Anthony Lewis passed away this week at 85 after a long and storied career covering the Supreme Court for The New York Times. In a segment originally aired in 2008, Brooke spoke with Lewis about his book Freedom for the Thought We Hate, an examination of the First Amendment. He explained that the amendment that governs free speech and the press might not be as familiar as we think.
Oddisee - Frostbite
The question of same-sex marriage landed in the Supreme Court this past week, and marriage equality supporters are hoping for a landmark ruling that will legalize same-sex marriage. If it happens, it’ll be one in a series of history-making Supreme Court rulings. But how does it work? Does the Supreme Court have the power to change the culture, or does our culture influence the decisions of the justices? NYU law professor Barry Friedman has written a book on that very question. He tells Bob that for the most part, the Supreme Court tries to shape their decisions according to what the public wants.
For over 20 years a voracious personal finance industry has tried to help us make smarter investments and sound financial choices. And it's created a number of stars in the process, television personalities and best-selling authors.
This week, the Pew Project for Excellence in Journalism released its annual “State of the News Media” report, detailing the health, or in this case the frailty, of mainstream US media online and off. The report contained a litany of grim statistics about the consumption and economics of news. Bob talks to Pew Associate Director Mark Jurkowitz, who says the situation isn’t is bleak as it could be.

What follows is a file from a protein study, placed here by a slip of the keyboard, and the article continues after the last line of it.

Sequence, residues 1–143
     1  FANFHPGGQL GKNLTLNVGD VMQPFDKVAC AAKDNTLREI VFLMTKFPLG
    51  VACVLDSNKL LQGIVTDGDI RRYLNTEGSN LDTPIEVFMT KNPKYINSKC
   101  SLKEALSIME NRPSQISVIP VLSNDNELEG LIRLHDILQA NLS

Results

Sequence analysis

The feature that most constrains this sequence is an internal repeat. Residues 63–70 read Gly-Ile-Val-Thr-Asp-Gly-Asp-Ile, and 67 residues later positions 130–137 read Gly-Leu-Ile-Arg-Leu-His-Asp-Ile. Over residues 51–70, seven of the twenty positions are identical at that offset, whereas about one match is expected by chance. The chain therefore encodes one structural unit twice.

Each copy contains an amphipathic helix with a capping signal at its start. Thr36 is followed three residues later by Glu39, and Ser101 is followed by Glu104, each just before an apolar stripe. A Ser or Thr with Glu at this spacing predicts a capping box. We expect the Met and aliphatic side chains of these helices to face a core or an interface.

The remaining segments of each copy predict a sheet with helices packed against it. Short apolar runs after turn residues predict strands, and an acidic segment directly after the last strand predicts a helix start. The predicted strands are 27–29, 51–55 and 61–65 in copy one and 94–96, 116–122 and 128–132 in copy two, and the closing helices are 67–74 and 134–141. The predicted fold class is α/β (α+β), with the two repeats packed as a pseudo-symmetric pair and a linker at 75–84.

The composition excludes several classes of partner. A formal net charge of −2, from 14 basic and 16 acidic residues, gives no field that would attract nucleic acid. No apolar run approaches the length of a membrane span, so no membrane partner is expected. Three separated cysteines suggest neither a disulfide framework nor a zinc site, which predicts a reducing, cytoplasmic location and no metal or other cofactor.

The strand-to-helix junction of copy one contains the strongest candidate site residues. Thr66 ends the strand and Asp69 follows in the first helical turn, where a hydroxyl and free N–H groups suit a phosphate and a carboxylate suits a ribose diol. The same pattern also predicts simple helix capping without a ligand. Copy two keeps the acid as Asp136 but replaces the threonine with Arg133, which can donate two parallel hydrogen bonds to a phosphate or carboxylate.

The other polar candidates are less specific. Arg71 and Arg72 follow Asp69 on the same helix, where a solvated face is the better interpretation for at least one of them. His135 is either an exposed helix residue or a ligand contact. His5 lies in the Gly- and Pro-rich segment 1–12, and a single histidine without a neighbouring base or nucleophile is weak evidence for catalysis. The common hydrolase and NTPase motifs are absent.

Beastie Boys - Multilateral Nuclear Disarmament
Even as the media and public fitfully reckoned with the Steubenville verdict, a similar case is playing out in Torrington, Connecticut. Like Steubenville case, a lot of bullying and ridicule of the victims has taken place on social media. Unlike the Steubenville case, the local paper, the Connecticut Register Citizen, chose to publish the bullying tweets from high school students, with their twitter handles and images unredacted. The editor of the newspaper, Matt DeRienzo talks to Bob about his decision to print that information.
Four Tet - 0181-01
Last Sunday saw a guilty verdict in the case of two high-school football stars, Ma’lik Richmond and Trent Mays, who were accused of raping a 16-year-old girl in Steubenville, Ohio. For six hours, the severely intoxicated victim was dragged from party to party by a number of her peers, a humiliating journey photographed and joked about by the accused and others on sites such as Instagram and Twitter. The ensuing coverage of the verdict revealed a culture still deeply conflicted about rape. Bob talks to Slate's Amanda Marcotte about rape culture and the media.
In the next couple of months the Supreme Court will issue a decision in the case of Fisher vs. University of Texas at Austin. The case may determine the future of Affirmative Action, but news coverage that centers on the sympathetic plaintiff in the case misses a fascinating back story. Bob talks with ProPublica reporter Nikole Hannah-Jones about the case.
Infamous internet troll Andrew “weev” Auernheimer was sentenced to three and a half years in prison this week. He was prosecuted under the controversial Computer Fraud and Abuse Act, which critics call too stringent and punitive. Bob talks to Gawker writer Adrian Chen about whether Weev's prosecution will undermine attempts to reform the CFAA.
Plan B - Ill Manors